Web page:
This is a second act for me - you've given me that and I'm so grateful and proud. I want to dedicate this to anyone that's trying to get their second act because you can do it.Affleck was referencing the oft-quoted line from F. Scott Fitzgerald (author of The Great Gatsby), who said "There are no second acts in American Lives." A prodigious alcoholic, Fitzgerald famously failed to reach his own second act, dying at the age of 44. Affleck, still only 40, has however managed to navigate a transition from actor to award-winning director. Even more remarkable is the fact that ten years ago, he hit a career low-point and became the most derided man in Hollywood, winning two Golden Raspberry awards for his performance with Jennifer Lopez in Gigli.
While Affleck is a talented director, perhaps we shouldn't be too surprised by his resurgence. He's still a handsome man and has the advantage of being able to cast himself for free in the lead role of his films. He also no doubt has a huge address book that allows him to call upon Hollywood contacts the rest of us can only dream of. Plus, there's nothing the self-mythologising film industry likes better than a comeback story – it's the American Dream writ large.
So where does that leave the rest of us, who are also working on our own second acts? Perhaps you got a job straight out of school or decided to stay at home and bring up some kids. And these were the things that defined you, until you got the itch to start writing. And if you're the kind of person who's persistent enough to keep writing over a period of years, that gradually begins to define you instead. Once you're passionate and committed to an activity, it's only natural you want to make that your primary career. But most of us aren't as well-groomed, well-paid or well-connected as Ben Affleck. Which is a problem when trying to get that second act off the ground.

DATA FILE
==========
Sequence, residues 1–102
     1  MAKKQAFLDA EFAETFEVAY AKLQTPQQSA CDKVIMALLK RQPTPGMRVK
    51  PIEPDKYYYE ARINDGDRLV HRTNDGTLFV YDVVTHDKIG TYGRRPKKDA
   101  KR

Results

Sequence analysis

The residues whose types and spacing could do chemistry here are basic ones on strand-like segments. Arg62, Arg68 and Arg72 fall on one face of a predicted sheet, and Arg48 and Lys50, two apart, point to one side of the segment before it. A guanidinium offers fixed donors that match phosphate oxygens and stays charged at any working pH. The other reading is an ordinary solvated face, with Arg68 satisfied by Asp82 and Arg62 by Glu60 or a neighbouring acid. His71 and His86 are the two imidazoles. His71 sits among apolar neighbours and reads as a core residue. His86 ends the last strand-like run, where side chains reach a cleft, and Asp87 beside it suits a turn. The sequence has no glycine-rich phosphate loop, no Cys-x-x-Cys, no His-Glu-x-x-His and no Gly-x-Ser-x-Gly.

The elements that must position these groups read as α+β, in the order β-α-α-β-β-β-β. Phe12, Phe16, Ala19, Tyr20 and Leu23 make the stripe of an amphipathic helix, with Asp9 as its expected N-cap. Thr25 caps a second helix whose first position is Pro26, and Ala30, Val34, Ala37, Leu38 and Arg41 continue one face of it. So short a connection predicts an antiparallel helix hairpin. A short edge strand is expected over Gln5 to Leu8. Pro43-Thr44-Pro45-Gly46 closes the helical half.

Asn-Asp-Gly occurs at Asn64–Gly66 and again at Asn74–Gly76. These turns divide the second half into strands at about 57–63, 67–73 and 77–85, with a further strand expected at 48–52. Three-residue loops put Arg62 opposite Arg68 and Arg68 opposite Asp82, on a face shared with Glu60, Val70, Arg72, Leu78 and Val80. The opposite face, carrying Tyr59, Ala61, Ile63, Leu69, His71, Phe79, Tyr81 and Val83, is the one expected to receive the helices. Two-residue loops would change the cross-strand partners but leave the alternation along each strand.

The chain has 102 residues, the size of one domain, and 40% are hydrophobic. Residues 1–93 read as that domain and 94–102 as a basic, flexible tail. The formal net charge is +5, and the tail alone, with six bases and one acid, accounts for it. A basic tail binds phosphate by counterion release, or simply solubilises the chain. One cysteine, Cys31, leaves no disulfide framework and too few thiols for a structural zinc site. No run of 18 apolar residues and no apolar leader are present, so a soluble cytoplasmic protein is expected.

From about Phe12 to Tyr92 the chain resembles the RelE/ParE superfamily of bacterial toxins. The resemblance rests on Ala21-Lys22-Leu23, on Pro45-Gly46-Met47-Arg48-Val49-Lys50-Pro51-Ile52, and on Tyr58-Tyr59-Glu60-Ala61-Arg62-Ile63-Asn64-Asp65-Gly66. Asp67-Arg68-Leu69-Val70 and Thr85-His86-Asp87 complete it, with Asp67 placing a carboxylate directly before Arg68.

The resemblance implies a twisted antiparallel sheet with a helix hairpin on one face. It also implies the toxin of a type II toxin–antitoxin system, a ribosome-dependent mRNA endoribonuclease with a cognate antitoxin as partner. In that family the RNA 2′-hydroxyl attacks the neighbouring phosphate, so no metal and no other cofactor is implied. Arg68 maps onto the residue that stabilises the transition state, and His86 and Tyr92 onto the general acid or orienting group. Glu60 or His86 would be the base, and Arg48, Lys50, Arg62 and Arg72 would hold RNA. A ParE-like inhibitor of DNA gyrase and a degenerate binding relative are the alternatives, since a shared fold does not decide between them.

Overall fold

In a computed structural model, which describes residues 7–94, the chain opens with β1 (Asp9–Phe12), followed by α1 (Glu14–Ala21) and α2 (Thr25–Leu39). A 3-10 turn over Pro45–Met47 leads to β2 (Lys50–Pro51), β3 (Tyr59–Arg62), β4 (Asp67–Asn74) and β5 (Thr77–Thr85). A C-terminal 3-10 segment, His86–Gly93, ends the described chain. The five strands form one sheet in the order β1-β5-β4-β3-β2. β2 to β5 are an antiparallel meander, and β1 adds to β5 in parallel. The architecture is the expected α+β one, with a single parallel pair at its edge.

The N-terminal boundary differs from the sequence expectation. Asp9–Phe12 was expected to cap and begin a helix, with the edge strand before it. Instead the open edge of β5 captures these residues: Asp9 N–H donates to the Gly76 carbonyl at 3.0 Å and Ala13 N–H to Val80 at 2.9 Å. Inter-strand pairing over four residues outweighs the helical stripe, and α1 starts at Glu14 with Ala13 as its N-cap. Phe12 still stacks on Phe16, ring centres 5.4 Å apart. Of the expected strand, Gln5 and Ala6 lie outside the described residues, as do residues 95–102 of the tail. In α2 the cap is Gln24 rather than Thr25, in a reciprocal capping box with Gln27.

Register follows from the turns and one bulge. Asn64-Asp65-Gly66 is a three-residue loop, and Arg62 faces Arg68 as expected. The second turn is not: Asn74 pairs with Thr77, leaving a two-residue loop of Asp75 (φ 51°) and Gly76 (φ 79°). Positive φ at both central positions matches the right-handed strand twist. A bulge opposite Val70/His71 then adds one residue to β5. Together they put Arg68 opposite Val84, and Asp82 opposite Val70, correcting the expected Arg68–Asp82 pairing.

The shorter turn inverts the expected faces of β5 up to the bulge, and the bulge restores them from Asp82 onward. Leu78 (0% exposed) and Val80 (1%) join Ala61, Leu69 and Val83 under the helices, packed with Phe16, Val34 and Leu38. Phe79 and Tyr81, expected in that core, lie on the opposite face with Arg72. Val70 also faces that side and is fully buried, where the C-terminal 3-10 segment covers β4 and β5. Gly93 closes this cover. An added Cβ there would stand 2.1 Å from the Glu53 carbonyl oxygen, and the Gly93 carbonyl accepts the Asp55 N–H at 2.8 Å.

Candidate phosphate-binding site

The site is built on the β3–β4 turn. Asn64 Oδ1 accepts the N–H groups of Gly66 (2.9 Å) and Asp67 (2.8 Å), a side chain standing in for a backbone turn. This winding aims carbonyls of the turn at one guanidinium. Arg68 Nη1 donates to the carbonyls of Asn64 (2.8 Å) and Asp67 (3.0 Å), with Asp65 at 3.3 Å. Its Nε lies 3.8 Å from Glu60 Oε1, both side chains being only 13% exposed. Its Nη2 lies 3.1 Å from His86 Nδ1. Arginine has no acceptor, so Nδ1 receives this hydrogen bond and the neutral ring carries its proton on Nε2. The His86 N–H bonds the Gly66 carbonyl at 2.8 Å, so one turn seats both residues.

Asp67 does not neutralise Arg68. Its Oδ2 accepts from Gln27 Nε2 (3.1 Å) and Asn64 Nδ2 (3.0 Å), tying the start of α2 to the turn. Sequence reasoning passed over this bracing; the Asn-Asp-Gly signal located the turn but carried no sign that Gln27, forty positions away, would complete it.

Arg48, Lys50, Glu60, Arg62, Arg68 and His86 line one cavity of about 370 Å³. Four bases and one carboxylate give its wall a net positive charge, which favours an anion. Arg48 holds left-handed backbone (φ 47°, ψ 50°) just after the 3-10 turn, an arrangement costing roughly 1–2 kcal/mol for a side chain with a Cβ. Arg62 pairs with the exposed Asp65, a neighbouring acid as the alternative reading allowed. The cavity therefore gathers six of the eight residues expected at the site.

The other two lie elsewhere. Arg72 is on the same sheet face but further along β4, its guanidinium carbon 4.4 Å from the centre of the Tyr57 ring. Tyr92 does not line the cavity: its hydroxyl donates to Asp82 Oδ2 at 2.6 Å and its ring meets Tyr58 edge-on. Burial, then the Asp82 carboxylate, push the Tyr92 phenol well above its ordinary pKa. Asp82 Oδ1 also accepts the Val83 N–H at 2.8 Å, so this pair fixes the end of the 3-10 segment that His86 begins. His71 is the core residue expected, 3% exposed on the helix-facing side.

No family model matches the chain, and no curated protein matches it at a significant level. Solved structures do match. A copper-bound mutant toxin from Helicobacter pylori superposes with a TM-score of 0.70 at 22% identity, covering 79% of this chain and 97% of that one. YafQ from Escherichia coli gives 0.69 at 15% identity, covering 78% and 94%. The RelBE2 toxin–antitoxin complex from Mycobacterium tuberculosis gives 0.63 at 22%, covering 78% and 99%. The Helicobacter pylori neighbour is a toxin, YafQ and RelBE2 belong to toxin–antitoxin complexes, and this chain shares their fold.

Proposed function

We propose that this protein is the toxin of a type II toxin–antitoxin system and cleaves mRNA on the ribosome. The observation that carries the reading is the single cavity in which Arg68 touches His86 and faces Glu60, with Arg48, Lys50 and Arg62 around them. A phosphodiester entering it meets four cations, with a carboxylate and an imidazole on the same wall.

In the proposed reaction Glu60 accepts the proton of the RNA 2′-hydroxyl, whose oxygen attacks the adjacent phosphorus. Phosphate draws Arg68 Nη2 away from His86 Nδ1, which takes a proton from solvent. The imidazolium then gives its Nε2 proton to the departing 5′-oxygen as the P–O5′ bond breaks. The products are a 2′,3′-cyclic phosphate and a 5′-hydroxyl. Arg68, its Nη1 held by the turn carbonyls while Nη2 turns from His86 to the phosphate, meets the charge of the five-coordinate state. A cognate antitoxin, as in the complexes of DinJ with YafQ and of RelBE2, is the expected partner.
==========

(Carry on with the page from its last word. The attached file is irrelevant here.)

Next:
I look forward to the forthcoming SCBWI Professional Series session on Making a Living as a Writer for tips on how to make the transition to full-time author. But I also have to step back and wonder whether the idea of life having distinct acts isn't rather outdated in our age of rapid change and portfolio careers. Perhaps there isn't just one story running through our lives, but several, and we are at different stages in each simultaneously. This also fits in with the major preoccupation of our modern world, which is trying to juggle the various aspects of our lives to achieve the fabled "work-life balance".
Writers have always been tempted to frame life in the terms of a story – "All the world's a stage, and all the men and women merely players," was the version that some bloke from Stratford-upon-Avon came up with. There may be few second acts in American lives, but perhaps in the UK, every scene we appear in is a chance to grow and do something new.